And unlike other ancient civilizations, we never sacrificed humans on the altar of a god. Disputes were always settled by an arbiter. Society was divided into classes, yes, and there was servitude or slavery, but as some European writers have noted, it was not practiced as rigorously as in other nations.
An incipient democracy was even noted as some missionaries observed seeing slaves sitting as equals at their master’s table. I say, even then, we valued life and the dignity of each person.
There was no sense of nationhood then- the nation is the baranggay, governed by a datu.
It was easy for the conquistadores to subdue the fragmented Filipinos with their superior arms and, as they say, the rest is history.
Years under colonial masters perhaps have made us a little wary, suspicious even, but not enough to arm ourselves and be aggressors.
We still take many things at their face value - naïveté to many, and perhaps because we have been denigrated too often, we are too eager to please and not ruffle feathers.
Today, we are being challenged - and bullie by a superpower neighbor who claims ownership of disputed lands in the Spratlys.
Fishing in troubled waters ... a Chinese fishery administration ship (background) guards a Chinese fishing vessel near Yongshu Reef in the Spratly Islands, in the West Philippine Sea, recenty. – Xinhuapic
They have sent their fishing vessels and frigates with soldiers and arms to disputed shores, while we watch, unable to match their might because we have not built up our military and our naval capability to protect our shores.
It is galling to watch on TV and the Internet those Chinese bullies – and perhaps, it is not farfetched to add - putative imperialists - to their description.
There is Déjà vu here! As in us welcoming with open arms the Spanish soldiers, tending to their sick and them returning the favor by conquering us - that’s then, and now - us giving home and refuge to many, many Chinese immigrants to our country, opening our market to Chinese products and professionals and them returning the favour by threatening to invade our shores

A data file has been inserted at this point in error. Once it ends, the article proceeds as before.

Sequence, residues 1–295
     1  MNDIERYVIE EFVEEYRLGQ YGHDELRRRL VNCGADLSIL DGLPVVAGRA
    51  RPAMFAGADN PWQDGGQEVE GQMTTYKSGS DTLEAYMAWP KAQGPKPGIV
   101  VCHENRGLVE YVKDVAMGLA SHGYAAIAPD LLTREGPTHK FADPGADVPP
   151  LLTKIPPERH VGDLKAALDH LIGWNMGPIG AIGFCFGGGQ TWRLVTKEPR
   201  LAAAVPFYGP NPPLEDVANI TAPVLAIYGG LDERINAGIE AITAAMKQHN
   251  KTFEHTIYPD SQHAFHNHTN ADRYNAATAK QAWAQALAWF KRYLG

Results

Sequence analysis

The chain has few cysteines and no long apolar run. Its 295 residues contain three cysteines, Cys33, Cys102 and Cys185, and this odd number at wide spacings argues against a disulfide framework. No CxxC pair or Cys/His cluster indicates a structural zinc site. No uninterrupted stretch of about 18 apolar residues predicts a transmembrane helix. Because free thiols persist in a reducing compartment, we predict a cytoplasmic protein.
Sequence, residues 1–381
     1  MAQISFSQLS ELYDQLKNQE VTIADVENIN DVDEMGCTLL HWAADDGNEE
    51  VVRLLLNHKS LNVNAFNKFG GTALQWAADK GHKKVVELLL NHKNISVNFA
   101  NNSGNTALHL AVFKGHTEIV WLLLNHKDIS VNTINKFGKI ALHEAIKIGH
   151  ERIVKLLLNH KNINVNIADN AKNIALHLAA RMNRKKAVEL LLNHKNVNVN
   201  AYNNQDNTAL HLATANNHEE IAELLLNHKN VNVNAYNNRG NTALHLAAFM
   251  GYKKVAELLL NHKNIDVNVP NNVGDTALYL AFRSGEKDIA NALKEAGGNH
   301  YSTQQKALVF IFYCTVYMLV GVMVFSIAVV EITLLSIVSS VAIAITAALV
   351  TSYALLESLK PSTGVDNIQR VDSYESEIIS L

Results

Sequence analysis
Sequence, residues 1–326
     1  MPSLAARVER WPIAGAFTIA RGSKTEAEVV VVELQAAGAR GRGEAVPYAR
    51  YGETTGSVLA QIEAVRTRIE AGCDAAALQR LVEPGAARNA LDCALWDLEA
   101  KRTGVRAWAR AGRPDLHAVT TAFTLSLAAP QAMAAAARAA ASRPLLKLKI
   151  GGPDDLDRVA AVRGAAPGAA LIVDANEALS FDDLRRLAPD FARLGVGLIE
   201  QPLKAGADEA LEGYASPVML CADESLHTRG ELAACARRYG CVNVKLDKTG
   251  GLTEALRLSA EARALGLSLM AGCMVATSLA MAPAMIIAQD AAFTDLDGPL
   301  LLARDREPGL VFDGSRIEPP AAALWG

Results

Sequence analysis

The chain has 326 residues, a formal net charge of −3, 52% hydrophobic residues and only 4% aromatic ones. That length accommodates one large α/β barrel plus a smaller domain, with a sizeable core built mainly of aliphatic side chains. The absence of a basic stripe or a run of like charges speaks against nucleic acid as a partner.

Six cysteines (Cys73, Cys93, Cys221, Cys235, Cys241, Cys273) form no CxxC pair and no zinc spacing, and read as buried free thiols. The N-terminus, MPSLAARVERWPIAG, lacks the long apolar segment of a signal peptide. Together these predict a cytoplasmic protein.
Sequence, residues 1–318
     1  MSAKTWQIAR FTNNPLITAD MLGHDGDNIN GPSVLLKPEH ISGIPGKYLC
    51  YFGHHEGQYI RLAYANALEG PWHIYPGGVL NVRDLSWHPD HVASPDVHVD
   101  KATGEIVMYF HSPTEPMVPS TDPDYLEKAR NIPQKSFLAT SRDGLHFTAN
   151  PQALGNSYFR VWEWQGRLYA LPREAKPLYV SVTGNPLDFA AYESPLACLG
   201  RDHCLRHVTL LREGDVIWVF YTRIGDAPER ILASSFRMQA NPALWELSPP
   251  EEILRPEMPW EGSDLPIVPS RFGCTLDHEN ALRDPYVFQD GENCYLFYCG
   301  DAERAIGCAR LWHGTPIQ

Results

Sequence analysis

Unlike Ben 10 who keeps on making those fusion aliens to help him fight the evil ones, we have not prepared ourselves for these bad people. I have this fear that Jumong may see in his lifetime Filipinos being subdued, again.
This fear, however, is tempered when I remember the long history of the Filipino's heroism - fighting the well- armed Spaniards even with just spears and bolos, the duplicious American soldiers with guerrilla tactics, and the vicious and blood hungry Japanese soldiers with fortitude and silent suffering.
Faced with seemingly insurmountable odds, they laid their lives for their beloved land, and with their blood and tears, brought back to life their patria adorada (beloved country), the perla del mar del oriente (pearl of the orient), nuestro perdido eden (eden lost).
And didn't our bent knees and eyes directed to heaven, and voices singing of love stop tanks and bullets during the martial law days?
Notwithstanding our apprehension, I am confident my country and my countrymen will prevail over the big bad wolf at our door.
Though we cannot destroy it with weapons that Jumong’s favorite characters use, we can fight it by showing to the world that we are its opposite.
To a people toughened by their ancestors in gentle ways, might is not always right.
But as always - the meek shall inherit the earth.
(Dr Emma P Valencia is a physician and a health policy analyst and researcher. She also writes essays and poems when she is not busy with her work on health. She lives with her 85-year-old aunt and seven dogs.)